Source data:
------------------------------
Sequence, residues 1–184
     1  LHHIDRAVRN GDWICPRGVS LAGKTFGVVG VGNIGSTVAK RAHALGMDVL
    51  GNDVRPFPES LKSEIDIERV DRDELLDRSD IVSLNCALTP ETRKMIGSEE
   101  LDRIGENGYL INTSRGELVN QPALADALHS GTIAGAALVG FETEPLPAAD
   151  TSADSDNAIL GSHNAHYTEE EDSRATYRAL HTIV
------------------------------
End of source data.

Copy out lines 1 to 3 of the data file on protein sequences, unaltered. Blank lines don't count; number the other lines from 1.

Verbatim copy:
Sequence, residues 1–184
     1  LHHIDRAVRN GDWICPRGVS LAGKTFGVVG VGNIGSTVAK RAHALGMDVL
    51  GNDVRPFPES LKSEIDIERV DRDELLDRSD IVSLNCALTP ETRKMIGSEE